The Biblical tale of Esther, based on its Hebrew version (known as Megillah Esther, or The Volume of Esther), goes something like this: King Ahasuerus (now known as Xerxes) of Persia called for his wife, Queen Vashti, to appear at a banquet. When she refused (some theologians believe he meant to parade her naked before his guests), he banished her from the throne and decided to choose a new queen. While conducting a sort of beauty pageant of candidates, Ahasuerus was captivated by Esther, young woman whose Jewish identity was carefully concealed. He crowned his chosen new queen with diamonds.
But while Esther had hidden her identity, she had not forgotten it. When the uncle who raised her, Mordecai, learned of a plot to kill the king, she was able to save her husband's life and to bring her uncle to his attention. Later still, when the king's villainous minister Haman ordered destruction of all the Jews in the kingdom on the 13th day of the month of Adar by lots, or "purim," Mordecai urged his niece to plead with the king to save her people. Going before the king without a summons could mean death, so Esther's courage in doing so was great. She persuaded the king, using all her feminine wiles, to grant her any wish, and he did --- the Jews of Persia were saved and destroyed their enemies. The 14th and 15th days of Adar were then set aside as a feast, to be known forever after as "Purim."
Because of Esther's acceptance of her fate (hiding her faith and going willingly to the King's bed without benefit of marriage), her story has been denounced over the centuries by different Jewish and Christian commentators and clergy. Add to these criticisms the fact that the ten-chapter Book of Esther does not once mention God's name, and you have a tale that is not easy to tell as a Christian novel of redemption!
Tenney gets around some of the story's difficulties (perhaps why he enlisted fiction writer Mark Andrew Olsen as a "contributor?") by 1) limiting the "action" during Esther's first night with Xerxes to hours of deep conversation and 2) using the Orthodox Jewish trope of referring to God as "G-d" or "YHWH" so that readers will begin to believe that the absence of His name in The Book of Esther was pious and not premeditated.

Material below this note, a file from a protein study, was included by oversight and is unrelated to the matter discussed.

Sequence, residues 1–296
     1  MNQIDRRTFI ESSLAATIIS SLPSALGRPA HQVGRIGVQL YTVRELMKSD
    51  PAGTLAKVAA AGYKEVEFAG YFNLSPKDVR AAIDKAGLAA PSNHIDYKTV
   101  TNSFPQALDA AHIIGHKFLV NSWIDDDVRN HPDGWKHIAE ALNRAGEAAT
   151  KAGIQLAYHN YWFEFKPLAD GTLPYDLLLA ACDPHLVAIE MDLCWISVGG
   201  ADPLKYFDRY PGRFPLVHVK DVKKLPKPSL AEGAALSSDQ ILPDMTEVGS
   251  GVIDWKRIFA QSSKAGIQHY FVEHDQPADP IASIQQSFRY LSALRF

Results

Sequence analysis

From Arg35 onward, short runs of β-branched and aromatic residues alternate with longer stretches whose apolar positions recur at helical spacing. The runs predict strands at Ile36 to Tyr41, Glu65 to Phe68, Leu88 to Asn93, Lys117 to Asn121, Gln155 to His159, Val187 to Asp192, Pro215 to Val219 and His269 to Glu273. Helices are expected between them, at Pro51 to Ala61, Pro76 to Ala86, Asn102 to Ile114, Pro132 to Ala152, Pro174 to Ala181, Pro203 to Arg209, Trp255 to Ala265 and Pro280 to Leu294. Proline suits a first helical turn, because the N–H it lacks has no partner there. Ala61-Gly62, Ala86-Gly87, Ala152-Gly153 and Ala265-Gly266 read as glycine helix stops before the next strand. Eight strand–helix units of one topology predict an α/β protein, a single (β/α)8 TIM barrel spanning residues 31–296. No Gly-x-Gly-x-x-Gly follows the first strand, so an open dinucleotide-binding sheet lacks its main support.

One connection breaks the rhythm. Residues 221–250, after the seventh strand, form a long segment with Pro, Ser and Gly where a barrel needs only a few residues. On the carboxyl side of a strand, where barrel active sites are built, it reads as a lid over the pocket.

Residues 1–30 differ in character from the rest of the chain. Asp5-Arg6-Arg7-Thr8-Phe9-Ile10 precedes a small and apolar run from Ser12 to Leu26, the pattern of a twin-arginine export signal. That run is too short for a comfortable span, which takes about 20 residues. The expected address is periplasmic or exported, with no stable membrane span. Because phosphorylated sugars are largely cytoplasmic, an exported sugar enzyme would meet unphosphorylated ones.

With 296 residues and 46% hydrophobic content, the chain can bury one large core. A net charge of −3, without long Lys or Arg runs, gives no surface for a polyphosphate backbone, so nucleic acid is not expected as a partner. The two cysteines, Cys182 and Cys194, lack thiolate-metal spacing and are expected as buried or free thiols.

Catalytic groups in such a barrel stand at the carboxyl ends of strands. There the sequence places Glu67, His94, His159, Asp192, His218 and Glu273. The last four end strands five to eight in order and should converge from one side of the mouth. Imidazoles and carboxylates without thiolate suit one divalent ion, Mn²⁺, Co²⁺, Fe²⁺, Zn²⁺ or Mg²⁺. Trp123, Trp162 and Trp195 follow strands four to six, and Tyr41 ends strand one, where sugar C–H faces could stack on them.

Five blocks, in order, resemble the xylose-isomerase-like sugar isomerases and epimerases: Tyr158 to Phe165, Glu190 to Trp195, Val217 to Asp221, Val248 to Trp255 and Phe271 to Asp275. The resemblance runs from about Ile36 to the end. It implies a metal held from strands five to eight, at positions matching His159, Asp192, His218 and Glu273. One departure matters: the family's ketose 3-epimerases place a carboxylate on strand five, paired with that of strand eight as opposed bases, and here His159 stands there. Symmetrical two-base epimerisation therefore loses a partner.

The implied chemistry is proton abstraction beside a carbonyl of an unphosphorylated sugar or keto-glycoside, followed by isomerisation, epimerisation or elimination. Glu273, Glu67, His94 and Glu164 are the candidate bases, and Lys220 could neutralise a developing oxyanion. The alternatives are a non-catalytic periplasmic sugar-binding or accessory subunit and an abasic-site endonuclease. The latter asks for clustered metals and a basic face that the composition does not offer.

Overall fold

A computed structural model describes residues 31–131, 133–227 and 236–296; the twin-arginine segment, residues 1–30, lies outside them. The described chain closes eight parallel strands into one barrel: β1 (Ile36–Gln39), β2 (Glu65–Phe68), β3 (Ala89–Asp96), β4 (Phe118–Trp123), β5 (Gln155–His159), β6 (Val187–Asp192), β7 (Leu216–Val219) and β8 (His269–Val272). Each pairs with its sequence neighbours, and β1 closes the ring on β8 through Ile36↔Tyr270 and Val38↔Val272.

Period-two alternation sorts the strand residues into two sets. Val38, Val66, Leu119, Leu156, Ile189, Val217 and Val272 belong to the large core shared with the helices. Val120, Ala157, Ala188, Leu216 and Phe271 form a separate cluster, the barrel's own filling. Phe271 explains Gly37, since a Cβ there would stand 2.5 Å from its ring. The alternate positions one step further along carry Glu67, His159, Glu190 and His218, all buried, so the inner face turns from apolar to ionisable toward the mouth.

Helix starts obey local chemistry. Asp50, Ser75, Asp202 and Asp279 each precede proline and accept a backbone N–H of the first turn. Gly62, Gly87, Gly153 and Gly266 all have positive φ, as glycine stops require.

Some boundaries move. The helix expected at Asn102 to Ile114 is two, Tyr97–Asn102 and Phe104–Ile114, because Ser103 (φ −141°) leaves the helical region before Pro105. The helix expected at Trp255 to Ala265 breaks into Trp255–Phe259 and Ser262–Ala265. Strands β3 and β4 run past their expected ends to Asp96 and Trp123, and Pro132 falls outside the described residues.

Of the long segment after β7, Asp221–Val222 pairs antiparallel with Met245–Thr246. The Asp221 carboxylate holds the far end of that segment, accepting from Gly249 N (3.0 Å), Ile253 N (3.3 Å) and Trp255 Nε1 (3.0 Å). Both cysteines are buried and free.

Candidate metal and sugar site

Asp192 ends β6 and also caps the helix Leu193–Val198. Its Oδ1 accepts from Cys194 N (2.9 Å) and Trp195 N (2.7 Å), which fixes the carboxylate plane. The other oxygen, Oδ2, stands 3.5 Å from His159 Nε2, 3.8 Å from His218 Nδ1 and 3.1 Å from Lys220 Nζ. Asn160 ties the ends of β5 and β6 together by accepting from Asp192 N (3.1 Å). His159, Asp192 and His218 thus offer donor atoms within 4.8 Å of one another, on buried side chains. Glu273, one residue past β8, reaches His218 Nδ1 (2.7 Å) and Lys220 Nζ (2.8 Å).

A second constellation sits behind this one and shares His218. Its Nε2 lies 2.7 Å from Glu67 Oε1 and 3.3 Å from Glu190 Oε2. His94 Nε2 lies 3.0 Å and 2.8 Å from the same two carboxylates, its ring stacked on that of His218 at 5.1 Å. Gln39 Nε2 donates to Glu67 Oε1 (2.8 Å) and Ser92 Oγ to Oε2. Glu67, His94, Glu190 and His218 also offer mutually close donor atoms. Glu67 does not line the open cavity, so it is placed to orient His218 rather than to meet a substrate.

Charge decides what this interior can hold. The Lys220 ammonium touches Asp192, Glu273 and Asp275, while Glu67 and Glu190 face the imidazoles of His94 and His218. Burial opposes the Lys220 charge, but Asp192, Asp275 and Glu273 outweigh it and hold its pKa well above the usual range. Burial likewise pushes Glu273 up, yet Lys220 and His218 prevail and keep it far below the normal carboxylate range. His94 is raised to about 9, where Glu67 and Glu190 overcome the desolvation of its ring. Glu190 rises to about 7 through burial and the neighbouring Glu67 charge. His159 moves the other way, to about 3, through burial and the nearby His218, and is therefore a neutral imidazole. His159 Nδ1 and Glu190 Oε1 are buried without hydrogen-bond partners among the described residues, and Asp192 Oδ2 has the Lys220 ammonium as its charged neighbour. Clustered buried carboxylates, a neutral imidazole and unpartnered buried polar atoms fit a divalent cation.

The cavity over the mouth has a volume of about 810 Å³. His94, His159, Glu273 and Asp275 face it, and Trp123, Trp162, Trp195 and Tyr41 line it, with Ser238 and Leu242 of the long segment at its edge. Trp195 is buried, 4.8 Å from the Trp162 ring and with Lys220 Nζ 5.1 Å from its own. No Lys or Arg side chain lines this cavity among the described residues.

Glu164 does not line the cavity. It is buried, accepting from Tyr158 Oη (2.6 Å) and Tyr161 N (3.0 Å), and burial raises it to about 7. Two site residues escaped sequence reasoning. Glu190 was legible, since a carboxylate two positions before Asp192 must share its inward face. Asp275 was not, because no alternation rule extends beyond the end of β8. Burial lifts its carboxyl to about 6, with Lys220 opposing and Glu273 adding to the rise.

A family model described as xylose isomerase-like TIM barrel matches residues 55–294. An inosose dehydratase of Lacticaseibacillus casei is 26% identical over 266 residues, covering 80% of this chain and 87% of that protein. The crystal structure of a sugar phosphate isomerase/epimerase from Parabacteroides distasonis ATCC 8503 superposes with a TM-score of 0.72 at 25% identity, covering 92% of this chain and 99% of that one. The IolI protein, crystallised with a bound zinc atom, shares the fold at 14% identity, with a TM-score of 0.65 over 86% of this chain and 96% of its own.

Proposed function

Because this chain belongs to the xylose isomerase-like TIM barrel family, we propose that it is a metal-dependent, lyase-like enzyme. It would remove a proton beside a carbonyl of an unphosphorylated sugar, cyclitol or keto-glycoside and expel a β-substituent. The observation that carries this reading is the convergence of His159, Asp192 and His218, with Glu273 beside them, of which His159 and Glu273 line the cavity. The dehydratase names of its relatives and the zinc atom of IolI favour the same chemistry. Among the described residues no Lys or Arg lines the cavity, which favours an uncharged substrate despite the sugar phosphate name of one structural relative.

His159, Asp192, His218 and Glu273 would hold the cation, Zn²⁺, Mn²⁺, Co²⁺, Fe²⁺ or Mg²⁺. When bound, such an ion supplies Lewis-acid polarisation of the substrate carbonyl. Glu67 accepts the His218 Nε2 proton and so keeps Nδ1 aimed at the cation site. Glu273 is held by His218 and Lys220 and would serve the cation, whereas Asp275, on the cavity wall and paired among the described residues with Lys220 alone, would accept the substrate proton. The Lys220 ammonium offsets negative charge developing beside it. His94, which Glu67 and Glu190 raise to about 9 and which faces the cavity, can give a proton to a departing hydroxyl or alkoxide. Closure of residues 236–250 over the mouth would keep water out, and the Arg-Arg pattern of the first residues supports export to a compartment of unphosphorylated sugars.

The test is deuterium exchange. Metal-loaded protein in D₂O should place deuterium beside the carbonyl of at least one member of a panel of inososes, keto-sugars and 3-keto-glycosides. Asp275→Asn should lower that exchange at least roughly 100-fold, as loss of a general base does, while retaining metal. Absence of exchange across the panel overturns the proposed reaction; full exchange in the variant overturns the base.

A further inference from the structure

Still, it's shocking at first to read Esther's calm, calculating reasons for allowing herself to be prepped for King Xerxes, and even more shocking to read of her growing desire for what would have been a lawless coupling: "I found that soon I began to desire the King in a wide variety of ways: to crave his presence, his words, his trust --- as well as that moment of our physical union." However, Tenney tries very hard to connect Esther's desire for the King with her growing desire for The King, or "G-d." He also, by framing her story with that of one of her descendants, a young contemporary Jewish bride-to-be, tries to connect Esther's elaborate knowledge and use of female adornments and beauty and sensitivity with the Judeo-Christian ideal of marriage.
Tenney's success in making these connections has its problems, in literary terms: the framing device is simply not strong enough or long enough for his purposes. His success in making these connections may have other problems, as well. But he does succeed in bringing Esther and her world vividly to life (at times HADASSAH: One Night with the King is reminiscent of Anita Diamant's THE RED TENT), and this can be connected to an important lesson that many theologians have made about The Book of Esther.
For Esther and other characters in the novel (including Mordecai and a young Jewish boy made into a eunuch), God's presence can seem farthest away when it is really closest. Jews celebrate the fact that Esther followed her path and used what she had to save her people. We may never know whether or not Esther followed that path because she believed God was guiding her, or not. Nevertheless, her story can instruct modern believers in having courage and struggling on despite the course of events. By re-imagining this rich, historic tale, Tenney has given readers a gift similar to that Esther gave Xerxes: a source of wonder and conversation.
Reviewed by Bethanne Kelly Patrick on January 1, 2004